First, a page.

94. The Fed has no inflation target and that is very important. Once you give a central bank a public inflation target, that is what everybody looks at and that is what it judges its performance most on.
  (Professor Giavazzi) If you want to go by the books, even the ECB does not have an inflation target. ECOFIN does not give it an inflation target. The bank could tomorrow change the two per cent into three per cent. It is more flexible than the Bank of England in that sense and more similar to the Fed. They may not do it but formally they could, say, because of the entry into the euro of the countries of central and eastern Europe, which have higher structural inflation.


  95. Mr Bootle, would you give your views on the remit issue? Do you think the remit of the ECB ought to be changed to be more in line with the Fed?

  (Mr Bootle) I agree with what the Professor has just said. If you look at the articles, the wording is very similar to what is said for the Bank of England: without prejudice to the objective of price stability, to give support to the other policies which include growth, full employment and so forth. The problem is that there is very little agreement as to exactly what all this means. In one appearance before the European Parliament Duisenberg listed these other responsibilities which include the distribution of income and said, "Heaven knows what on earth people think the ECB can do about all this." There is an acknowledgement that there is this other set of objectives and yet there is a confusion about quite how in practical terms it should affect the ECB policy. That also exists in the UK. What precise status should there be given to that second set of objectives? In the UK's case, the way I interpret what has happened with the MPC is that as time has gone on that second, supposedly subsidiary, objective has taken on increased importance. No one has actually said it quite but the way that the MPC has acted has been to give that other objective more importance. According to the ECB statutes, the same thing could happen. The thing could be interpreted in such a way as to give growth more importance without necessarily having to change the wording. The problem is more the inheritance of the ECB. It had the Bundesbank inheritance round its neck from the beginning and the obsession of large parts of the European establishment with fighting inflation. Therefore, any hint of trying to give recognition to the growth objective was potentially dangerous. That is why one suspects it has not received due weight as an objective, but it seems to me that it could do, even under the present set-up.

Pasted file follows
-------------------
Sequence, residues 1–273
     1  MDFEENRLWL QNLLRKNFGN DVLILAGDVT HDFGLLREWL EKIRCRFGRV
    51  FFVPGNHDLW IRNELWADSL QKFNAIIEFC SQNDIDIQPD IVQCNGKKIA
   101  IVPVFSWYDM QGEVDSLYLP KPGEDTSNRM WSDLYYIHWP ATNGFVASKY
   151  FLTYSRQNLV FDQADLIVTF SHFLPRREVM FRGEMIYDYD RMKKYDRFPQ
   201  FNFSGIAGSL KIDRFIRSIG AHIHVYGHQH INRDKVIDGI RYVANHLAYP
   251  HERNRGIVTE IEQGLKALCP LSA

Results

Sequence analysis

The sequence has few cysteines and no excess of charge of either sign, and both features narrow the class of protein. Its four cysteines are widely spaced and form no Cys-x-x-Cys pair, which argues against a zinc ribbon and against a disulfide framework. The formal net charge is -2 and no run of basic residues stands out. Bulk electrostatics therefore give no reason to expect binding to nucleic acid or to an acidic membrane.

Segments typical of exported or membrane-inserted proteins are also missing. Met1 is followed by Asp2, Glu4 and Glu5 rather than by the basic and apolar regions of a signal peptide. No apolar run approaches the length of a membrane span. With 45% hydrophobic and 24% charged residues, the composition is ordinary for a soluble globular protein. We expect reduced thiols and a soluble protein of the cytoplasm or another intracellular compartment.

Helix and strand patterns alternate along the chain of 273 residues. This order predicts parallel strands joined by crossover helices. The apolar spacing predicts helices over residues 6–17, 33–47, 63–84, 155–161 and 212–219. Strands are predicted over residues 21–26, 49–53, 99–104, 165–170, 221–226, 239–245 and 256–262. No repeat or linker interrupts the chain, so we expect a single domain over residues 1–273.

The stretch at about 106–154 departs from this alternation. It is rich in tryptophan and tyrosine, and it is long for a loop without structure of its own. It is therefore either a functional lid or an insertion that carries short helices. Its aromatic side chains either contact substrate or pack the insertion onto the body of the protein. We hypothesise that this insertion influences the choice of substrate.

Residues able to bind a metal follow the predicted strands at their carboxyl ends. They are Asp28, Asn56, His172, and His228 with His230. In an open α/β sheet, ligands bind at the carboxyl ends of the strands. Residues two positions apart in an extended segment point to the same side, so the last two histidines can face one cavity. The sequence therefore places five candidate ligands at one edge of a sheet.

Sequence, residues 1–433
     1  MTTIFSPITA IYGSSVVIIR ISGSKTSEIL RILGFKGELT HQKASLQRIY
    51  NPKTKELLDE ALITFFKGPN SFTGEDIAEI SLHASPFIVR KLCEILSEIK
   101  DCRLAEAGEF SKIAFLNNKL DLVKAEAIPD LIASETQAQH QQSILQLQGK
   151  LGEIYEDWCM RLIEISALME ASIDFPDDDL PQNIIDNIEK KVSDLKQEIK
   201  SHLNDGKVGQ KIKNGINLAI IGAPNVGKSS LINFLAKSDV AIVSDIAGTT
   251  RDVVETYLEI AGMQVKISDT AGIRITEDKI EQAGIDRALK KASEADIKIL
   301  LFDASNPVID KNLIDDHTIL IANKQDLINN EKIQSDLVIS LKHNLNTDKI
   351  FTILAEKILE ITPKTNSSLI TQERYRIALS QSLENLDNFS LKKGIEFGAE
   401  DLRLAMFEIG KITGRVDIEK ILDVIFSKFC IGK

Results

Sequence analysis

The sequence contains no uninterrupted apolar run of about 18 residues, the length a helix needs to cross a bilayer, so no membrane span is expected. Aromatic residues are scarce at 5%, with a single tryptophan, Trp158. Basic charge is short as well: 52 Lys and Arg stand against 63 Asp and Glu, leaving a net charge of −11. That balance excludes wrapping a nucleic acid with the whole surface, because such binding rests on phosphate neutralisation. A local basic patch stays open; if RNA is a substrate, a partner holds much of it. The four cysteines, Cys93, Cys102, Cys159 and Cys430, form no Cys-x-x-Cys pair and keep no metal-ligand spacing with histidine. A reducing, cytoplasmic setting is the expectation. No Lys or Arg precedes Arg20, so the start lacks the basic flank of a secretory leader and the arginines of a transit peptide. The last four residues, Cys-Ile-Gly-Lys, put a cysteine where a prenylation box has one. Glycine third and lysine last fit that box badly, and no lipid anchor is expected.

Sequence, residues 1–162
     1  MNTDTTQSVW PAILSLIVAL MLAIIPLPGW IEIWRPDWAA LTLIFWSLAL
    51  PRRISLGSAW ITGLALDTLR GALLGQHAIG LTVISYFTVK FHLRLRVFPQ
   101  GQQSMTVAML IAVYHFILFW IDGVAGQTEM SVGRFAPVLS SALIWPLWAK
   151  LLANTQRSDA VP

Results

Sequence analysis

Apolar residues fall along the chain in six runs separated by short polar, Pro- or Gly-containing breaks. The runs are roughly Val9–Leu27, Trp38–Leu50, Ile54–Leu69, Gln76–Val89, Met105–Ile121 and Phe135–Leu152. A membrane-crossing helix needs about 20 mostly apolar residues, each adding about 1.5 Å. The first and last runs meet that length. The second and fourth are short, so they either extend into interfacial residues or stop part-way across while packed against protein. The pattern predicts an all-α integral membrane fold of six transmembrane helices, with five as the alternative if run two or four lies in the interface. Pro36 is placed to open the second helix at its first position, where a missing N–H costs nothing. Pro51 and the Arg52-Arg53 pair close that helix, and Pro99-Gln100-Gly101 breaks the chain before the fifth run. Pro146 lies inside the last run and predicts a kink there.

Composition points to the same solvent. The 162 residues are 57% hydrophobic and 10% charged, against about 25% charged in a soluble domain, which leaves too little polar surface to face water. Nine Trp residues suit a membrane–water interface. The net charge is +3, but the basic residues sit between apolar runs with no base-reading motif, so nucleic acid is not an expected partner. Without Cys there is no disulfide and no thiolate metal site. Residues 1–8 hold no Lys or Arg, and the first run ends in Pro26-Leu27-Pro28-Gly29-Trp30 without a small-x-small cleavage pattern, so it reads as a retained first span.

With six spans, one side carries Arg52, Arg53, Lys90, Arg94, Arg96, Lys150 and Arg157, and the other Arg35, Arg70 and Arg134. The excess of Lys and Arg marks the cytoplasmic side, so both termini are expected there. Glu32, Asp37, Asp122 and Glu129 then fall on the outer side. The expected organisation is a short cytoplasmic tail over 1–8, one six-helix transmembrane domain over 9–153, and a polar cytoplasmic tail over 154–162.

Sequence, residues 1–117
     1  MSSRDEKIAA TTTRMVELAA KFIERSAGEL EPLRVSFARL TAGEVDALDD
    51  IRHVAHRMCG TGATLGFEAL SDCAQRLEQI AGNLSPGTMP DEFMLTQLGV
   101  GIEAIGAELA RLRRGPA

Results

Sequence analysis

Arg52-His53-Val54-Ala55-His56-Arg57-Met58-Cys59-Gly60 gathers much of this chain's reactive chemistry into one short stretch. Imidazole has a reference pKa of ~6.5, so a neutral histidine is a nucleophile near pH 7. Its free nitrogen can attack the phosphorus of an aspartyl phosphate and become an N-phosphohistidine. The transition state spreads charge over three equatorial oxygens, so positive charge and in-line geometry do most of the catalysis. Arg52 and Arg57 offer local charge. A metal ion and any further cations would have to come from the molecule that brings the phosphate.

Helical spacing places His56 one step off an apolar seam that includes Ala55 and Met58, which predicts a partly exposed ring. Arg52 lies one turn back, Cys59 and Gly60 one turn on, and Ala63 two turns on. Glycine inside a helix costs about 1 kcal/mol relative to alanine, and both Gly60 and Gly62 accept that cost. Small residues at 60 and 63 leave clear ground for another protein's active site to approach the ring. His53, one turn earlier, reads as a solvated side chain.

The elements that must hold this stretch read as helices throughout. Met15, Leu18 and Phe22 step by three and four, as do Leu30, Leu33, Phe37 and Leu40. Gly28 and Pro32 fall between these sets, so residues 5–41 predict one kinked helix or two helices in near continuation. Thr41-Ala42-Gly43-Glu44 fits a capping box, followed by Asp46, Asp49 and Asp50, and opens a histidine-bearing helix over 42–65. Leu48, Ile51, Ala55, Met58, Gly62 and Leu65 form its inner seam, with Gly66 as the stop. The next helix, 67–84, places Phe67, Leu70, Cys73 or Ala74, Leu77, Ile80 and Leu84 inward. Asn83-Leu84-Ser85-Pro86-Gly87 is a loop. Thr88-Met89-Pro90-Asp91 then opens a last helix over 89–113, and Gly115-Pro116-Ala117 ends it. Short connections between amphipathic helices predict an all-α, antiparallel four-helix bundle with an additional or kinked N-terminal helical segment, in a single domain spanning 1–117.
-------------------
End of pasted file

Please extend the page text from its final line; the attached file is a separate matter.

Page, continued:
(Professor Giavazzi) The central banks all over the world which follow an inflation target regime produce inflation reports, and there is now an independent ranking done by academics of who does the best one. The Bank of England has come out number one. Surprisingly, the Central Bank of Brazil is number two. The Swedes did not come out very well; they are number seven or eight. These Reports are very helpful in forcing the bank to explain where they think inflation is going, where output and employment are going and therefore explaining what decisions they make. The ECB is getting there. Their projections are moving slowly in that direction. In my view, the bank should be pushed in the direction of developing these instruments that are very useful, the tools like inflation reports, and to compare the projections in the reports with those produced by other central banks and maybe put them in the ranking.